IELTS Speaking
IELTS Rizz – Vocabulary Day 03

IELTS Rizz – Vocabulary Day 03

IELTS Vocabulary – Lesson Day 03

IELTS Vocabulary in story

In a quaint town full of disparate characters, there existed an ineffable conundrum. The air was filled with the ubiquitous scent of copious flowers, which seemed to both debilitate and invigorate the senses. The townsfolk often espoused paradoxical views, making it challenging to delineate the true essence of their beliefs. Amidst this verbose exchange of ideas, a wise elder sought to corroborate the nuance within their discussions, hoping to bring a sense of harmony to the community.

Simplified Version using day-to-day vocabulary

In a small town with a mix of different folks, there was a puzzling situation that nobody could quite explain. The air was filled with lots of flowers, making it both overpowering and refreshing. People in the town had conflicting views, and it was hard to figure out what they really believed. In the midst of all the talk, an older person tried to find common ground in their discussions, hoping to bring some peace to the community.

IELTS Rizz – Vocabulary Day 03 – Details

1. Conundrum:

– Pronunciation: kuh-nuhn-druhm
– Etymology: Originates from the Latin word “conundrum,” meaning a riddle or puzzle.
– Usage: Often used to describe a confusing or difficult problem or question.
– Word Family: Conundrums (Noun), Conundrummed (Adjective), Conundrumming (Verb)
– Examples:
– Solving the conundrum of the missing keys took some time.
– The political situation posed a conundrum for the citizens.
– His mysterious disappearance became a conundrum for investigators.

2. Copious:

– Pronunciation: koh-pee-uhs
– Etymology: Derives from the Latin word “copiosus,” meaning abundant or plentiful.
– Usage: Used to describe a large quantity of something.
– Word Family: Copiously (Adverb), Copiousness (Noun)
– Examples:
– She took copious notes during the lecture.
– The garden was filled with copious blooms in spring.
– The chef added copious amounts of herbs to enhance the flavor.

3. Corroborate:

– Pronunciation: kuh-rob-uh-reyt
– Etymology: Comes from the Latin word “corroborare,” meaning to strengthen or confirm.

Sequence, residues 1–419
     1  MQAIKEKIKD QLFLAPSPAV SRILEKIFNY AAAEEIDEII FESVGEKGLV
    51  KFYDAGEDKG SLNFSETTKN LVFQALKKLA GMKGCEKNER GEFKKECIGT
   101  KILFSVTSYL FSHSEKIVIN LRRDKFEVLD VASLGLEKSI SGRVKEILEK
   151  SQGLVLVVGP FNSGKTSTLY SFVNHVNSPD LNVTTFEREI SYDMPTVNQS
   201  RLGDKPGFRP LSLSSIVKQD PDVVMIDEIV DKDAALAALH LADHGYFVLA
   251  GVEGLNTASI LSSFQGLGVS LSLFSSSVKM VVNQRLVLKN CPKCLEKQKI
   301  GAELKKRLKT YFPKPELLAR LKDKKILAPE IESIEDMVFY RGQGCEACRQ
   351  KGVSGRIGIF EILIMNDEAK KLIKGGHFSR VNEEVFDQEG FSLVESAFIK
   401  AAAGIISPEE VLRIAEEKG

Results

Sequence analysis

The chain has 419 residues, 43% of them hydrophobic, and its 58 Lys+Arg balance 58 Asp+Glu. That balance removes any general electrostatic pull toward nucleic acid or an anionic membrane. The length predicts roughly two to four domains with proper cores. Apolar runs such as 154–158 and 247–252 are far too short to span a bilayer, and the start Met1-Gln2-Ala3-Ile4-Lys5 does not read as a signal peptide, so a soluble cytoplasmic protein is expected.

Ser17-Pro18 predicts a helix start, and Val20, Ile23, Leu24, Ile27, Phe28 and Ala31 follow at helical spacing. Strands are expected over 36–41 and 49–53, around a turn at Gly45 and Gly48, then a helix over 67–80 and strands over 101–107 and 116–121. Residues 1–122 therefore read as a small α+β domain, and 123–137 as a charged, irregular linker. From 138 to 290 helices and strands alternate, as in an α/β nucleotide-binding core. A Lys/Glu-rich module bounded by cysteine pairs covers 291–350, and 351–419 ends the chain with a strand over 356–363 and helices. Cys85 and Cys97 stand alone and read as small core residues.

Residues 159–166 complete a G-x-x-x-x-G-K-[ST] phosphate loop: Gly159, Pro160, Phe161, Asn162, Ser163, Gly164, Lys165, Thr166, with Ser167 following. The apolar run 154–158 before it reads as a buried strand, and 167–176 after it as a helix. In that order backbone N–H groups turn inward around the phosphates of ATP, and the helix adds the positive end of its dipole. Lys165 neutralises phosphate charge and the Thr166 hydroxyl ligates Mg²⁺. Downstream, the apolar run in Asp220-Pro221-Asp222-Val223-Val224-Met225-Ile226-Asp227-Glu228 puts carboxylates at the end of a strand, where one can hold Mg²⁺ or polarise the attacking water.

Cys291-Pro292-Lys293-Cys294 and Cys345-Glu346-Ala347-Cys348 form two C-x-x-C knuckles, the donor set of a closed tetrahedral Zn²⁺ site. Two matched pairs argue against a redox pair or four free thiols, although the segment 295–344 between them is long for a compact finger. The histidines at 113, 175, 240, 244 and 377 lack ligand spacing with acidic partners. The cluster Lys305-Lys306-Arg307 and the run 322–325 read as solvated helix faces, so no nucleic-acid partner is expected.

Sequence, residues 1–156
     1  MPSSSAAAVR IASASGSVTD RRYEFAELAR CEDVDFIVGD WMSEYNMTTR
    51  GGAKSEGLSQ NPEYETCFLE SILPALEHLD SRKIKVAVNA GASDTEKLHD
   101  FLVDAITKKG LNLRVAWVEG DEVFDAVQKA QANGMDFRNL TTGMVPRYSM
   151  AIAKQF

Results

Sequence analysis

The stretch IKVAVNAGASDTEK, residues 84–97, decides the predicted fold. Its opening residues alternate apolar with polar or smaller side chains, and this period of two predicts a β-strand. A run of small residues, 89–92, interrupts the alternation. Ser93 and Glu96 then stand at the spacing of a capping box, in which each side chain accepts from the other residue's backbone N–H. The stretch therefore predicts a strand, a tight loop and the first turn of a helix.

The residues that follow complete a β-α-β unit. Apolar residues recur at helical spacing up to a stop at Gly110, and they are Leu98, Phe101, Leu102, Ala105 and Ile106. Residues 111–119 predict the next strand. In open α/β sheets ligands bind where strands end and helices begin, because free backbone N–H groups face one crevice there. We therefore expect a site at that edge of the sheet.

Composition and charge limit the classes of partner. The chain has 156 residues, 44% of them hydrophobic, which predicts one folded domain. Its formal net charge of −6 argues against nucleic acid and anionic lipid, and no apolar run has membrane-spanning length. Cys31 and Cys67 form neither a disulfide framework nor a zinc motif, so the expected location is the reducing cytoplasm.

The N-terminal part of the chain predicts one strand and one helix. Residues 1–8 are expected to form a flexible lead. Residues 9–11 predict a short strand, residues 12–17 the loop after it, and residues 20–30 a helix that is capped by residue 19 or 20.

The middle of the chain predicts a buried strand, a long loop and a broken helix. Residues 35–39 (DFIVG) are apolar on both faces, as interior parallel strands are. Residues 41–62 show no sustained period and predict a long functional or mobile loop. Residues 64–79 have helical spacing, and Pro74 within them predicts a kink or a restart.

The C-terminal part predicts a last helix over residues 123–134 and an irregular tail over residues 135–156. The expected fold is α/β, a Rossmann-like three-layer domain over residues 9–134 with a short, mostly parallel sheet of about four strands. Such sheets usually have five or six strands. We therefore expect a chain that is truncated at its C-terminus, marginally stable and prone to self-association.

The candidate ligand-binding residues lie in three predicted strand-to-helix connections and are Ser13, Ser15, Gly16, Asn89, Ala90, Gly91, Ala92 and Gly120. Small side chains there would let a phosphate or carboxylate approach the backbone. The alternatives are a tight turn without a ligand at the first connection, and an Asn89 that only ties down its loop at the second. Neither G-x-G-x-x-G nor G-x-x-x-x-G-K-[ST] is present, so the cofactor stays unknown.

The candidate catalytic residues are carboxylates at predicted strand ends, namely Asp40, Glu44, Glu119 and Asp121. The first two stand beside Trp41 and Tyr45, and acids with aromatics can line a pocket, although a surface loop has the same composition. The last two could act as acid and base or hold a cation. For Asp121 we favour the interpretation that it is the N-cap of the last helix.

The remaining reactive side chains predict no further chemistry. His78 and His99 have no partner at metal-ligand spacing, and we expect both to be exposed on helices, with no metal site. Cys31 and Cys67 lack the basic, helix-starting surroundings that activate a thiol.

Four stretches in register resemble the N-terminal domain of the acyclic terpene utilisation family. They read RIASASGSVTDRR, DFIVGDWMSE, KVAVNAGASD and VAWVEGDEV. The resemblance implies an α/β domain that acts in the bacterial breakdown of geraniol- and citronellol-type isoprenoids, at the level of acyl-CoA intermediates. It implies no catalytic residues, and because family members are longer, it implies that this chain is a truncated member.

– Usage: Often used to indicate the confirmation or support of a statement or fact.
– Word Family: Corroborative (Adjective), Corroboration (Noun)
– Examples:
– The witness was able to corroborate the defendant’s alibi.
– Research findings corroborated the hypothesis.
– Multiple sources were needed to corroborate the historical account.

4. Debilitate:

– Pronunciation: dih-bil-i-teyt
– Etymology: Originates from the Latin word “debilitare,” meaning to weaken.
– Usage: Used to describe the process of making someone or something physically or mentally weak.
– Word Family: Debilitated (Adjective), Debilitating (Verb)
– Examples:
– The illness debilitated his strength and energy.
– Long hours of work can debilitate a person over time.
– The economic crisis debilitated the country’s infrastructure.

5. Delineate:

– Pronunciation: dih-lin-ee-eyt
– Etymology: Comes from the Latin word “delineare,” meaning to sketch or portray.
– Usage: Used to describe the act of outlining or describing something in detail.
– Word Family: Delineation (Noun), Delineated (Adjective)
– Examples:
– The artist meticulously delineated every detail of the landscape.
– The report clearly delineated the steps for project completion.
– The speaker attempted to delineate the key points of the argument.

6. Disparate:

– Pronunciation: dih-spar-it
– Etymology: Originates from the Latin word “disparatus,” meaning separated or distinct.
– Usage: Used to describe things that are fundamentally different or unrelated.
– Word Family: Disparity (Noun), Disparately (Adverb)
– Examples:
– The team was a disparate group of individuals with varied skills.
– The policy aimed to address the disparate impact on different communities.
– Their opinions were disparate, making it challenging to reach a consensus.

7. Ineffable:

– Pronunciation: in-ef-uh-buhl
– Etymology: Comes from the Latin word “ineffabilis,” meaning too great or extreme to be expressed in words.
– Usage: Used to describe something that is too extraordinary or overwhelming to be described.
– Word Family: Ineffably (Adverb)
– Examples:
– The beauty of the sunset was ineffable, leaving everyone in awe.
– The experience was ineffable, defying adequate description.
– There was an ineffable joy in their reunion after years apart.

8. Paradoxical:

– Pronunciation: puh-rad-ok-si-kuhl
– Etymology: Derives from the Greek word “paradoxos,” meaning contrary to expectation or belief.
– Usage: Used to describe a statement or situation that appears contradictory but may be true.
– Word Family: Paradox (Noun), Paradoxically (Adverb)
– Examples:
– The concept of time travel is paradoxical and challenges our understanding.
– It’s paradoxical that simplicity can sometimes lead to complexity.